If you are accustomed to small routers like the RF560's we had used here previously, there are a few things done differently that you need to know about. First, you will need to define machines and other routers in Networks and Services if you want to later use them in a VPN setup or packet filtering rules. You can define machines or networks. For example, for this setup I defined these:
|Name||IP Address||Subnet Mask|
If you are going to forward ports to internal servers, you need to define DNAT rules (Network Setup -> DNAT). For example, I defined these (among others):
|Pre DNAT Network||Pre DNAT Service||Post DNAT IPAddress||Post DNAT Service|
Note the "MYSSH" - I defined a port for SSH to the internal SSH server. You can ssh to the RF850 also but you need to define users (Administration-> Local Users) with that authority. Multitech provides a default "loginuser" for that purpose; you should probably delete that or at least change its password.
The Routefinder RF850 does provide SNAT if you need it, but for simple cases IP Masquerading is turned on by default so you normally wouldn't need to touch this.
I did have a need for it here, though. We have webmail running on an internal server but many of the laptop users want to access it at the same "mail.company.com" address they use when outside. To make that happen, I needed to add a rule so they could do that. What's needed is this:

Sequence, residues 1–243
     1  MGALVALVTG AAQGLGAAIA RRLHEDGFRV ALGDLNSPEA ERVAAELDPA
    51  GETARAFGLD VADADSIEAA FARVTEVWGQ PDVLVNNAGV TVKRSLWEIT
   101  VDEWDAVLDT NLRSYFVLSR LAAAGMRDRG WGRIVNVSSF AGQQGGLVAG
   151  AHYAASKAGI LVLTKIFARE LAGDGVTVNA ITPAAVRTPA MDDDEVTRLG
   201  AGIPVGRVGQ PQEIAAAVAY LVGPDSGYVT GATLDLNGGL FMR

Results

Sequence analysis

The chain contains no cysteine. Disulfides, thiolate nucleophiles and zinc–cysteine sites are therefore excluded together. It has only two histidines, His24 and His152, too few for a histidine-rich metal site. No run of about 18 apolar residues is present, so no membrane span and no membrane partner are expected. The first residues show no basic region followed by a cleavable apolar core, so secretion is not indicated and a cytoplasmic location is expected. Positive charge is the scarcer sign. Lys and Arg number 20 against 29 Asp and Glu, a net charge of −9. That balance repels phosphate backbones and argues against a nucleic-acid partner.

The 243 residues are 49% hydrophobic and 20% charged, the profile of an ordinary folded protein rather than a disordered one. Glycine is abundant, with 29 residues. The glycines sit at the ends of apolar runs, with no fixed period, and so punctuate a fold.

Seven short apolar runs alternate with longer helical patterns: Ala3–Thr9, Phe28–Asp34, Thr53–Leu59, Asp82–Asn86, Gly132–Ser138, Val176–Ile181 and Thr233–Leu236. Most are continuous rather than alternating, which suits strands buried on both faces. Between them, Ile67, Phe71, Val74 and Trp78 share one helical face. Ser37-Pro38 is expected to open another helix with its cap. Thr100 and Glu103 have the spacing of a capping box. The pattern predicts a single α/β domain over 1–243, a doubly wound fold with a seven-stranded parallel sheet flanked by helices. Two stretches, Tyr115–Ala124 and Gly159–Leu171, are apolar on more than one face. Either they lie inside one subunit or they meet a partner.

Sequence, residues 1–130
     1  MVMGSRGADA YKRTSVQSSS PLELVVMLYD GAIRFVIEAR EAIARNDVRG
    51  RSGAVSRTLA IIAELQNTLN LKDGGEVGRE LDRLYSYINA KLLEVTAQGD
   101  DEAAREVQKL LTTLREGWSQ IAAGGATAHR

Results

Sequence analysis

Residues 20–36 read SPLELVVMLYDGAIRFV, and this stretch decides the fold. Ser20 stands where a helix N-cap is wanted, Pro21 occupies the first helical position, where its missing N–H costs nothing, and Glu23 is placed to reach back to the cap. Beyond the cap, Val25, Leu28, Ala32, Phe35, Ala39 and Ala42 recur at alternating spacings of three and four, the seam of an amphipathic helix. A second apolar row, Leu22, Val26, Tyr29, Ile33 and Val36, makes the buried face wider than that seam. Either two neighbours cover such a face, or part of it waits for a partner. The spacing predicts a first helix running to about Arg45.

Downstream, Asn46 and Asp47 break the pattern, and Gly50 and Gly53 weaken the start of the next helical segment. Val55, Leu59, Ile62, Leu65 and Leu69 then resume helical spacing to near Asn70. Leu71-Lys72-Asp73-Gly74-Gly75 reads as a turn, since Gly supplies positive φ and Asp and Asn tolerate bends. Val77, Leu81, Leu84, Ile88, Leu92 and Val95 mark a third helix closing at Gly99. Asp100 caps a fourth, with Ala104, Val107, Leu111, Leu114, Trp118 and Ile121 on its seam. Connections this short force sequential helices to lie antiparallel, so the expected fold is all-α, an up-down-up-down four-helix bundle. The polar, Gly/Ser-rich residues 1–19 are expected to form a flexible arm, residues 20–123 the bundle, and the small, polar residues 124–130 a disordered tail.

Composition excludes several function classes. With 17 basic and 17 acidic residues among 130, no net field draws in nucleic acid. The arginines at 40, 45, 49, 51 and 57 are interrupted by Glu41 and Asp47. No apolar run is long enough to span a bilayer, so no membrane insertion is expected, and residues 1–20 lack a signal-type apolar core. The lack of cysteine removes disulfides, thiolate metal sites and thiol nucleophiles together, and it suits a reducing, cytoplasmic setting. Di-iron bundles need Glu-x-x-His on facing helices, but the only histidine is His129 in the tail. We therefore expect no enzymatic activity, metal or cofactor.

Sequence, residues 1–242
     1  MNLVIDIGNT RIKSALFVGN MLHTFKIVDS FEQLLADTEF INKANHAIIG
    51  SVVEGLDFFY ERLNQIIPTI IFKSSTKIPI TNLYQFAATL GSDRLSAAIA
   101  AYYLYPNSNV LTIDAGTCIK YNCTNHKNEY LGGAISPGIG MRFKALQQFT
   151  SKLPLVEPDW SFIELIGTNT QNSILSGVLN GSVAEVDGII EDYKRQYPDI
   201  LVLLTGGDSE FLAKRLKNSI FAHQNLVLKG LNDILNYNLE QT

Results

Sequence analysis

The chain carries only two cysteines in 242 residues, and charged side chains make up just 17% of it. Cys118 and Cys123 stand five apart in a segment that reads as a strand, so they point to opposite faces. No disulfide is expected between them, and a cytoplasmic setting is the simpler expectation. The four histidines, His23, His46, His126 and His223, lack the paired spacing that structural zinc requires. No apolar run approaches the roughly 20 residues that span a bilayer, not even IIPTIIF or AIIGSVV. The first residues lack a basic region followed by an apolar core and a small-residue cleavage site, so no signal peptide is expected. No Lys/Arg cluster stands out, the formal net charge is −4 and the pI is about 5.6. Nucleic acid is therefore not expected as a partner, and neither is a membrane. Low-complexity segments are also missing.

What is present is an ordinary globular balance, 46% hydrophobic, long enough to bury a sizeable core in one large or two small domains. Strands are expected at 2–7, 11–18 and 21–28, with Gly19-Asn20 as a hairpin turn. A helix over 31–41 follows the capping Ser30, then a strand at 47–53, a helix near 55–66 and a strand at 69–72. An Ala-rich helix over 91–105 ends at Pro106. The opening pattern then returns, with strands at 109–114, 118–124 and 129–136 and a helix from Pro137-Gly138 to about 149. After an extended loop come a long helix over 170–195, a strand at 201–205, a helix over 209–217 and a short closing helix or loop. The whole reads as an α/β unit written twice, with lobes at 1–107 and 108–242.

|Pre SNAT Source||Service||Destination||Post SNAT Source|
"Laninterface" needs to be created in "Networks and Sevices"; it's the internal address of the router (192.168.2.1/255.255.255.255) .
Don't forget to allow these in Packet Filters:
|From (Host/Netwoks)||Service/Service Group||To (Host/Netwoks)||Action|
I've edited and simplified these rules for the purposes of this article. For example, I have a rule that allows the internal mailserver to use outgoing port 25 so that it can send email, but the next rule restricts anything else from doing that. In the even of a virus infection, this can help stop email spamming. If the virus is smart enough to use the internal mailserver, of course it can get the mail out, but at least it will be logged so we'll know the source.
You'll also need to add rules to allow VPN access. If that's PPTP, you will have defined a pptp-pool and that's the "From" that you will allow.
Note that you need to shut off the default System Defined rule when using your own definitions.
It took me a while to find the configuration backup - it's under the Tracking menu.
The zip file it produces is actually a backup of most of the Linux system: files from /var, /home, /opt and /usr are included. The router configuration is found in /etc/multiconf. For example, we'll find our packet filtering rules there:
$ cat packetrules 1 Any Kerio mail ACCEPT 1 2 Any SMTP mail ACCEPT 1 3 Any HTTPS mail ACCEPT 1 4 Any MYSSH sme ACCEPT 1 5 mail SMTP Any ACCEPT 1 6 LAN SMTP WAN REJECT 1 7 Any Any Any ACCEPT 1
I've edited and simplified these rules for the purposes of this article.
Because there is a hard drive, the RF850 can also store periodic backups there - you set the frequency and retention policies at that same screen.
One thing I did have to change from defaults was "Drop Fragmented Packets". That was breaking our HP JetDirect printing - Multitech defaults to droppoing these. That shouldn't be an issue today; it seems safe to turn it off.
These are flash devices with very similar configuration to to RF830. Some of the menus are slightly different because of missing features on the smaller units, but it is basically a consistent interface.
Tony Lawrence 2009-01-29 Rating:
If you found something useful today, please consider a small donation.
Got something to add? Send me email.
More Articles by Anthony Lawrence © 2009-11-07 Anthony Lawrence